BLOG: Semester at Sea (Sunday, Dec. 26)

Chronicle Staff

A group of Harvard-Westlake students, accompanied by chaplain Fr. J. Young, are testing the waters of the Semester at Sea program, which is opening up to high school students. The group is part of an inaugural two-week Panama Canal cruise over winter break. Usually, students would spend an entire semester at sea. The group left on Wednesday, Dec. 15.



Chloe Lister ’12 and Vivien Mao ’12 are two of the Harvard-Westlake students who are trying out a two-week version of the Semester at Sea, which is going to be opened to high school students for the first time. They are blogging for the Chronicle about their trip.

Lister writes:



Sunday, Dec. 26



Today marks the halfway point of our voyage and I think I speak for most of the people in the pre-college program in saying that feelings are very mixed about it. On one hand, I miss my family far more than I thought I would; although we adhere deeply to the Jewish cultural tradition of eating Chinese food and seeing a movie on Christmas, this has been the first time I’ve spent the holidays without them and it’s strange, to say the least. However, on this trip I’ve gone places I never thought I would get the chance to visit, and now have even more of an urge to explore the world. I can’t believe this is all going to be over so soon. 



The night before, several pre-college students decided to wake up early in the morning and watch the sunrise, in lieu of having a Christmas tree and presents to wake up to Christmas morning. So, at 6:30 a.m., Vivien and I crawled out of our beds and walked groggily up to the seventh deck, where we found that we were part of the first few to arrive. However, slowly more and more of us congregated, salty wind whipping at our hair as we waited. Together we watched Panama come into view, and even though the sun rising over the horizon was blocked, I considered it a successful Christmas morning. 



Seeing as it was a holiday, most of us who had woken up to watch the sun rise felt entitled to another few hours of sleep. Therefore, after we were well on our way to the country’s infamous canal, promptly went back to sleep.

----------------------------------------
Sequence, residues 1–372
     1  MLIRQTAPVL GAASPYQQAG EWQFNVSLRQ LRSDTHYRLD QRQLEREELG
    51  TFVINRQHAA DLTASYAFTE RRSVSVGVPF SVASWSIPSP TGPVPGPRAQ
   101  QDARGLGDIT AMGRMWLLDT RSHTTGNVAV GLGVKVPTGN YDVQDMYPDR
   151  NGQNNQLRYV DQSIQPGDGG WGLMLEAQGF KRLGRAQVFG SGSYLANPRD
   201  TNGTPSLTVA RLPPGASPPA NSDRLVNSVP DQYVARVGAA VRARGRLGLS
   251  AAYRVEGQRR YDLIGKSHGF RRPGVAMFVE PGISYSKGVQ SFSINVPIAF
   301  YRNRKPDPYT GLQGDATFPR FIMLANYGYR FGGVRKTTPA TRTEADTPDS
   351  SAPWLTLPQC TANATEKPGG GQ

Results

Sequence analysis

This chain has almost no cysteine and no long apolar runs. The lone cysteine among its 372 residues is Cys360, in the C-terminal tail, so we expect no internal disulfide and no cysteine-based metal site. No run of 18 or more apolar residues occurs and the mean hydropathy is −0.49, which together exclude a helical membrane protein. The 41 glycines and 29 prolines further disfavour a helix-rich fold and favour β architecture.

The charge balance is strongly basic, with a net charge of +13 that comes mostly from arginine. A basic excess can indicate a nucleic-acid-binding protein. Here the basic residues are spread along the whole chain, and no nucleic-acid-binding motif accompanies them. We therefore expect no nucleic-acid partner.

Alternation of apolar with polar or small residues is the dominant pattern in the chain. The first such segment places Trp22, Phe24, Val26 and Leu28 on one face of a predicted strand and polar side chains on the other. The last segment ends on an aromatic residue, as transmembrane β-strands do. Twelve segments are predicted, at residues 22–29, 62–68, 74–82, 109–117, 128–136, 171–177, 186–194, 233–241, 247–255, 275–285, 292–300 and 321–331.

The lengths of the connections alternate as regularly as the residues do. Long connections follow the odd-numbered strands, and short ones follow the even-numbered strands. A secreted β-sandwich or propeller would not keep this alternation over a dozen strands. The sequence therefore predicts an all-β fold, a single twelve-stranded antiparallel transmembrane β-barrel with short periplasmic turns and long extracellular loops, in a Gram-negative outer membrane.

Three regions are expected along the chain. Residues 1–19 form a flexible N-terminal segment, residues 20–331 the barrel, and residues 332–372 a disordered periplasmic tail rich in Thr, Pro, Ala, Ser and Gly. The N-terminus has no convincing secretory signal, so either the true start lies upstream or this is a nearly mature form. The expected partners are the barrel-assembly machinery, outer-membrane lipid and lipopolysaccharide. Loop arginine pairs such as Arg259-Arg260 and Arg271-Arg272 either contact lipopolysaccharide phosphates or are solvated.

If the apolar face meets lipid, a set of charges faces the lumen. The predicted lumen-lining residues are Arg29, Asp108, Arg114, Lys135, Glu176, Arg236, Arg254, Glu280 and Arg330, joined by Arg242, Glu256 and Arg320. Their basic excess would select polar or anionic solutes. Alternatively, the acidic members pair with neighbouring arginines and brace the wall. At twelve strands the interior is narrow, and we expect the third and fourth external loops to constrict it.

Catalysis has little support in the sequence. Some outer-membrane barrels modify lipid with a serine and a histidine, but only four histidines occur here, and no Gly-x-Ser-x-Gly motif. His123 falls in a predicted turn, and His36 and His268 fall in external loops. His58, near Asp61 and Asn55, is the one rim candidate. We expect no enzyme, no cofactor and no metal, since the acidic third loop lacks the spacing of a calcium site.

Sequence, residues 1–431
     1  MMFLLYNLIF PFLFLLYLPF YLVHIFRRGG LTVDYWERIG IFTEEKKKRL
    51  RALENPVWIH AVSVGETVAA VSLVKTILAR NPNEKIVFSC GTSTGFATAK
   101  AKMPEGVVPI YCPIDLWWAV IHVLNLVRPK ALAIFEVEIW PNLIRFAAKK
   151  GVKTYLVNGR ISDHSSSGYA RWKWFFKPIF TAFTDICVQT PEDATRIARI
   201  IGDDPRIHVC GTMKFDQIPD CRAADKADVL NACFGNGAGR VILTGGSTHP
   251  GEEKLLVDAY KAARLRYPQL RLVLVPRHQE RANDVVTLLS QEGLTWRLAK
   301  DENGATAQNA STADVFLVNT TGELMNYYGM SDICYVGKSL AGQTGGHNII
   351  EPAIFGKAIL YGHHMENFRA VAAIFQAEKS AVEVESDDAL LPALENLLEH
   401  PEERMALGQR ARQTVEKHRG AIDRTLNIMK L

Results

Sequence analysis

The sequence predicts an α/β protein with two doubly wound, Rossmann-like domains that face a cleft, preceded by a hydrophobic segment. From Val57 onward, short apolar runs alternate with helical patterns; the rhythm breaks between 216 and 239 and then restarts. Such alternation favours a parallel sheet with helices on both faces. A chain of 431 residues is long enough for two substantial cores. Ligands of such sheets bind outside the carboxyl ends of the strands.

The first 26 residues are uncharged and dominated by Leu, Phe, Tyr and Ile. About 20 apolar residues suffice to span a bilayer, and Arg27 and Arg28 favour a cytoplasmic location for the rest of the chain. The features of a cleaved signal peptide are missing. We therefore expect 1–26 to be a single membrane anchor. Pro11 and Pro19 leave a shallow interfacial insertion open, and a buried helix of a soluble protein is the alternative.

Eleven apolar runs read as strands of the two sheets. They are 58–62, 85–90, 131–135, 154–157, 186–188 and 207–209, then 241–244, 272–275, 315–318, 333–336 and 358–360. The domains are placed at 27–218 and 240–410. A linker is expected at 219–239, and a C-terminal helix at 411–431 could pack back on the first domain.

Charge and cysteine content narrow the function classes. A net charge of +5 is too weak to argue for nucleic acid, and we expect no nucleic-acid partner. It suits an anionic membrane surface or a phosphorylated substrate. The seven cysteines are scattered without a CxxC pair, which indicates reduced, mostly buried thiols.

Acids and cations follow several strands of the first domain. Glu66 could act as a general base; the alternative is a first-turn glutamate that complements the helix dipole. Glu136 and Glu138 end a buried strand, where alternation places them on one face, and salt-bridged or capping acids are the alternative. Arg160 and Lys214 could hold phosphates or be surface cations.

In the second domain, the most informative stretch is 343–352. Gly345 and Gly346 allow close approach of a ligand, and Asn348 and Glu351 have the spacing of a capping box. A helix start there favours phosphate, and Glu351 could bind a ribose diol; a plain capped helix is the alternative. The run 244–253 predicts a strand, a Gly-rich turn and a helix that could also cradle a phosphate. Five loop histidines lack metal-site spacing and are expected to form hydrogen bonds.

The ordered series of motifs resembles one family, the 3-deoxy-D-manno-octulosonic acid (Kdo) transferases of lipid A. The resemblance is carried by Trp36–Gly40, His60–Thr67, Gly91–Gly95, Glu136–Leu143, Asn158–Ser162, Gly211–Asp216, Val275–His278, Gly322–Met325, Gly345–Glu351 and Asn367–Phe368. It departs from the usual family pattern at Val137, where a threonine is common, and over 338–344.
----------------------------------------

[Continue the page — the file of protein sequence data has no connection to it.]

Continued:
We awoke again in a couple hours to a woman’s voice blaring out of the intercom speakers in our room; we later found out that the voice belonged to a woman that Panama had required the ship to have as our commentator as we passed through the canal.



After getting out of bed for the second time, we went upstairs onto the deck to watch the ship enter the first of the several locks we would have to go through in order to get to the Atlantic side of Central America. 



I had heard the Panama Canal called things like “the most important engineering achievement of all time,” and I had honestly never understood why. However, after watching it function for hours on end, I can now say that I have quite a bit of respect for the people who made it. I was amazed by the complexity. Upon entering each lock, the ship had to be raised or lowered exactly the right amount each time by adding or removing water from the lock. 



Today we docked in Panama, where we were scheduled to visit a village of the Embera Indians, a tour which we had been told was one of the best that Semester at Sea organizes. However, when we left the ship to board a bus that would take us there, we saw that a light drizzle from the day before had become a full on rainstorm. Nevertheless, we were told that our tour had not been cancelled, and, shielding our heads from the rain with whatever we had, ran to our bus. 



About an hour into our ride, our tour guide informed us that he had just received a call that our trip had been cancelled. We were driving to a river where we would then take canoes to the village, and apparently the rain had made the water too tumultuous for anyone to enter or leave the village.



Looking outside, it wasn’t hard to believe. Nonetheless, the guide had to confirm that he was not kidding when someone asked.



Our bus turned around and drove us back to the port; looking out the window, we saw Panamanians carrying their shoes in their hands, trying to walk down the sidewalk with water up to their knees. At one point our bus stalled, and everyone on it held his or her breath for the 30 seconds until the driver got it started again. When we got back to the ship at port, we were informed that we would be able to take another tour if we chose to, one of the Gatun Locks of the Panama Canal.



Our entire group chose to, and though it was interesting, it was short and definitely not the best activity of the trip. However, today provided me with two valuable lessons. First of all, I shouldn’t build things up in my head too much in case, like today, my expectations are disappointed. Additionally, especially when you’re traveling, things are going to go wrong that you can’t control and you have to make the best of it.



So, when we got back to the port, instead of going straight back to the boat like some people did, Vivien and I chose to stay and explore the little bit of Panama we could. We shopped for gifts to bring back for our families, and, at one point, found an authentic-looking café where we got a Panamanian fish dish that provided a nice change from boat food and continued us on our increasing trend of locating delicious food from each country we visited.

 

It was a lovely conclusion to our day. Even though it wasn’t exactly how we planned it, I’m still glad it happened.